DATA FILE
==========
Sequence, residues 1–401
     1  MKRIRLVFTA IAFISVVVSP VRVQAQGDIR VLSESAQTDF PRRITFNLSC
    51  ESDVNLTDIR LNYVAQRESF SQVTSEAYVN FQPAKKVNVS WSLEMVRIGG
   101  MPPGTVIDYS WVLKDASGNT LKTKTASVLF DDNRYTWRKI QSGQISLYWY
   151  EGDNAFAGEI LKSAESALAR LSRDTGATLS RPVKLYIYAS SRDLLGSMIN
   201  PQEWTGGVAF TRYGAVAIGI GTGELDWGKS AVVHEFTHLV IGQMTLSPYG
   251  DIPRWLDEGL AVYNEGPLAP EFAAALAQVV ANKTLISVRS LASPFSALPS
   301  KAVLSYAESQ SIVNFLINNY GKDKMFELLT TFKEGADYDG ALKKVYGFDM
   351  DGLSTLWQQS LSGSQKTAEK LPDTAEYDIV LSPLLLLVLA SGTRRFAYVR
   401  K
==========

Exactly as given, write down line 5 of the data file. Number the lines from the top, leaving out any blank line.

   151  EGDNAFAGEI LKSAESALAR LSRDTGATLS RPVKLYIYAS SRDLLGSMIN